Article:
Ten years ago I travelled with my Dad to America for a family visit. It was the first time I had met most of his first cousins – and it turned out to be the last time I saw his sister, my dear aunt Lil, who died a few years later. One of Dad’s relatives, irrepressible and wonderful cousin Betty, is a psychic and clairvoyant. Betty is much on my mind at the moment as wildfires rage around Los Angeles, forcing her to evacuate her home.
“I know you are a writer, but have you ever thought about doing documentaries?” she asked me back in 2008.
“I’d love to make documentaries!” I replied.
“Well, you will.”
And today, ten years on, the first documentary I have been involved in is being broadcast on the BBC's World Service radio station. It’s a ten-minute piece about the lost Jewish world of the Eastern European shtetl, using anecdotes recounted by my grandmother about her early life back in Ukraine – then part of the Russian Empire.
Mostly when I give talks about my work, I focus primarily on the dramatic major events that affected Russia’s Jewish community at the time – pogroms, World War I, the Russian Revolution and civil war. But the documentary concentrates on more mundane aspects of day-to-day life, such as Sabbath rituals in my grandmother’s house, relations with the local Ukrainian population, the Rabbi’s court where members of my family lived and worked, and a crazy and somewhat comical incident that landed my great-great grandmother in jail, to the horror and embarrassment of the whole family.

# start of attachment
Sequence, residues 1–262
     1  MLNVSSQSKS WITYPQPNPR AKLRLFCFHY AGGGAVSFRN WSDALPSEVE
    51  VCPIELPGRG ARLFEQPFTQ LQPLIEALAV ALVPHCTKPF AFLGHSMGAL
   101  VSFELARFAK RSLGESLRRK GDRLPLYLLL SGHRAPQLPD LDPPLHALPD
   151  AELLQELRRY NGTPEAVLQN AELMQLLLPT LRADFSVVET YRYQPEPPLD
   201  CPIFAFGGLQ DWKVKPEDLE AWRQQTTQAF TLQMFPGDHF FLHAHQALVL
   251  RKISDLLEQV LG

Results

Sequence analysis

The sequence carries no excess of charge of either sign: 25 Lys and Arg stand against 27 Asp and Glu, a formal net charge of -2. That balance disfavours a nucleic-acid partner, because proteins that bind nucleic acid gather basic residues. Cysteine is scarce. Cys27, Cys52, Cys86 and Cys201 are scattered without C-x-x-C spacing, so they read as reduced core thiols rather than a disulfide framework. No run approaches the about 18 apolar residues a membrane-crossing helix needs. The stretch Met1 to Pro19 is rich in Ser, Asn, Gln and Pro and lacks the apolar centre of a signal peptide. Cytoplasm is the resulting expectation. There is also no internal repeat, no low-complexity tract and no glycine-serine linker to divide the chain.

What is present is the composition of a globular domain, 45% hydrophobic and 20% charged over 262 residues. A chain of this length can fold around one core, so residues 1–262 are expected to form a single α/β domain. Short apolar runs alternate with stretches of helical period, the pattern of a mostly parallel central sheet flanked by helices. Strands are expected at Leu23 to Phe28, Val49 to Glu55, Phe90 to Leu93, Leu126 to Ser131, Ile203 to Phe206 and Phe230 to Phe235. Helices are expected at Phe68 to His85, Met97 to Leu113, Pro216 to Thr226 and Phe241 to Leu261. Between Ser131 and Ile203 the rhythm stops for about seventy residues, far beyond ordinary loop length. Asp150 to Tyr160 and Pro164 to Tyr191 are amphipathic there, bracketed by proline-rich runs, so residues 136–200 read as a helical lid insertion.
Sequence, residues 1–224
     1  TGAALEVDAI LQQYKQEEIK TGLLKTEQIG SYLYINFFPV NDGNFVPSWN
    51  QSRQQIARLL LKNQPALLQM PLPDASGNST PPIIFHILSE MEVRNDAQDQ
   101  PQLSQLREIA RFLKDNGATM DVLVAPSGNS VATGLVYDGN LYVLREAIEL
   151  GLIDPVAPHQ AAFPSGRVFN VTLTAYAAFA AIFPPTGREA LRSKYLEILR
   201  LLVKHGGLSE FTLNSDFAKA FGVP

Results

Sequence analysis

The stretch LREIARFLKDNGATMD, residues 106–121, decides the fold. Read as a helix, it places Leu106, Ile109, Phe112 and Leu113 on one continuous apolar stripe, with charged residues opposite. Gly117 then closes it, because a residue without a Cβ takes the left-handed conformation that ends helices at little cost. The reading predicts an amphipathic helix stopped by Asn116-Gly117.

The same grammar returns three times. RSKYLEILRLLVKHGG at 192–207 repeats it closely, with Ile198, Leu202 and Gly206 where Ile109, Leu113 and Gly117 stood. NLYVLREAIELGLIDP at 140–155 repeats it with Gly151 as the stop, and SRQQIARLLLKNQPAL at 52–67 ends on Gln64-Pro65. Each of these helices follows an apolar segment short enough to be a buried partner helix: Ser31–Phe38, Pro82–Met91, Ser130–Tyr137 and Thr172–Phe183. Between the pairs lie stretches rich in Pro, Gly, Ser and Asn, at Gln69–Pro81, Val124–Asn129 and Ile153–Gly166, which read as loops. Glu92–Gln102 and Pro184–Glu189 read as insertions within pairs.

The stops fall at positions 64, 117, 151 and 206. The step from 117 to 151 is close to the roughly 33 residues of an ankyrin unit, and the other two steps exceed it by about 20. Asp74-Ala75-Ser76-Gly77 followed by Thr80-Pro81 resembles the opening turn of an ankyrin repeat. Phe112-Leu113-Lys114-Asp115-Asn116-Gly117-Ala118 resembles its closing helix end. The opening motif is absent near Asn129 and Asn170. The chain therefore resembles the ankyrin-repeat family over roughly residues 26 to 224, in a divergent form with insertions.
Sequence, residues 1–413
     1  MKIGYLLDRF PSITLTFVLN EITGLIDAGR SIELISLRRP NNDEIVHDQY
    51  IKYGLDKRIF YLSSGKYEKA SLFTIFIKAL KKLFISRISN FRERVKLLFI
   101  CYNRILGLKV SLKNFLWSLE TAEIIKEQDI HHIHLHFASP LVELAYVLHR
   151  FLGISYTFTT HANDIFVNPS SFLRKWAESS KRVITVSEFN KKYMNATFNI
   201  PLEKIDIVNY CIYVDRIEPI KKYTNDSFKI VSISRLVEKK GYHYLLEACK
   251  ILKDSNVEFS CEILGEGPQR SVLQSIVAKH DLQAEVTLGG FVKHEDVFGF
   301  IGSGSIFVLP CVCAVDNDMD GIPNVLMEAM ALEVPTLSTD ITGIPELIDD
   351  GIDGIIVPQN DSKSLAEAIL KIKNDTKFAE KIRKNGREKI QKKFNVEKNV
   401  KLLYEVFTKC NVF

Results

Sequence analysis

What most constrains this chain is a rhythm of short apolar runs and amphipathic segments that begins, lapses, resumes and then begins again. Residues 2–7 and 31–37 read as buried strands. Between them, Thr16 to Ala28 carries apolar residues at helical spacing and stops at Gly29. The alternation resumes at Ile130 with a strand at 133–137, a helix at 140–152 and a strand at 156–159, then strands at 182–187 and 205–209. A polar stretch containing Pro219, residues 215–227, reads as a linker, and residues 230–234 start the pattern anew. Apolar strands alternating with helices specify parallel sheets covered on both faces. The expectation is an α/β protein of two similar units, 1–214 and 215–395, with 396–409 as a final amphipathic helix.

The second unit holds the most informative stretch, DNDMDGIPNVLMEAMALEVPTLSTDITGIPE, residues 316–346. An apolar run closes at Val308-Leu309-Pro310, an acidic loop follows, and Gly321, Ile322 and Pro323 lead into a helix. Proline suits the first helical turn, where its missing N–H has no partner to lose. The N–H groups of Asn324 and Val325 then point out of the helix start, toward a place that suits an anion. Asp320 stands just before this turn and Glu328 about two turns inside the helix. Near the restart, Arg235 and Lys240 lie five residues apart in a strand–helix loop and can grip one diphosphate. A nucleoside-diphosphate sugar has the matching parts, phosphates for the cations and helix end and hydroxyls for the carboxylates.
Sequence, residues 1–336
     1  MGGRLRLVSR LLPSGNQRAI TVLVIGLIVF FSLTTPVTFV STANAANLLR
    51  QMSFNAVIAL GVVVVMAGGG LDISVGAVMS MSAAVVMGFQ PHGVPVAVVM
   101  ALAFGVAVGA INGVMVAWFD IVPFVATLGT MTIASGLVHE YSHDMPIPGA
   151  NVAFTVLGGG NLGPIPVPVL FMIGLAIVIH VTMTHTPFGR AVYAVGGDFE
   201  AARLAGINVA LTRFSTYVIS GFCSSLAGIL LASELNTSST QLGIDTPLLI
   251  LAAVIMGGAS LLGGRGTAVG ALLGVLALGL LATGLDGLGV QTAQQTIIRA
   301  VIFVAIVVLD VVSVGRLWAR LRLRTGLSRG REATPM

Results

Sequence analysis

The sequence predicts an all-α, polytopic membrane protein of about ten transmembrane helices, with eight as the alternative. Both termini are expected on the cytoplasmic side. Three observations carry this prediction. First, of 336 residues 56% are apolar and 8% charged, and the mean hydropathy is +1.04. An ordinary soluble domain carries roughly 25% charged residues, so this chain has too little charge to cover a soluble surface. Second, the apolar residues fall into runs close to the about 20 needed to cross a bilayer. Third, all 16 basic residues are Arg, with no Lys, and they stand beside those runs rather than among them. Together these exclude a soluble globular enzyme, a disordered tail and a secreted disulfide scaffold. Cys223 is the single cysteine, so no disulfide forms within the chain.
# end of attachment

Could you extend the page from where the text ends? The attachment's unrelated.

The documentary is based on snippets of recordings made by my father back in the 1970s of my grandmother telling stories about her early life in Russia. They are recorded in Yiddish, the language of the Jews of Eastern Europe. It is a language once spoken by around 12 million people that transcended national boundaries, but which was almost wiped out by the holocaust. The vast majority of the Jews killed in the Nazi death camps would have spoken Yiddish as their mother tongue.
Today the language is undergoing something of a revival, in the US in particular. Surprisingly there are still up to two million Yiddish speakers in the world. You can sign up to Yiddish evening classes, watch Yiddish theatre performances and attend Yiddish dance parties. In 2017, the Yiddish Arts and Academics Association of North America was born, with a mission to promote Yiddish language and culture through academic and artistic events and through Yiddish food. “The goal,” says founder Jana Mazurkiewicz Meisarosh, “is to make Yiddish culture hip, modern and interesting.”
In the US, “Yiddish has been trapped within two discrete, hermetic spheres: the ultra-Orthodox sphere, which engages the religious aspects of Yiddishkeit, and the academic sphere, which tends to study secular Yiddishkeit of the past. As a result, Yiddish language and culture … is often viewed as a relic of the past, and fails to find resonance in daily life and modern culture,” she says.
It’s a fascinating and worthy goal, to bring back to life a language that came close to extinction. The culture of the shtetl is unlikely to be reborn outside of the most restrictive Jewish communities, but if it can gain further resonance in today’s world, this is surely something to celebrate.
Listen to the documentary here: www.bbc.co.uk/programmes/w3cswsp3
One hundred years ago
2017 marked the centenary of the Russian Revolution, an event that heralded the country's 1918-21 Civil War and a period of terrible suffering for my family and others who lived through it. This blog began as an investigation of current events affecting Jews in Ukraine today and comparing them with historical events from a century ago. It is broadening to include personal experiences and my exploration into Ukrainian history as my research for a new book, set in the country, develops.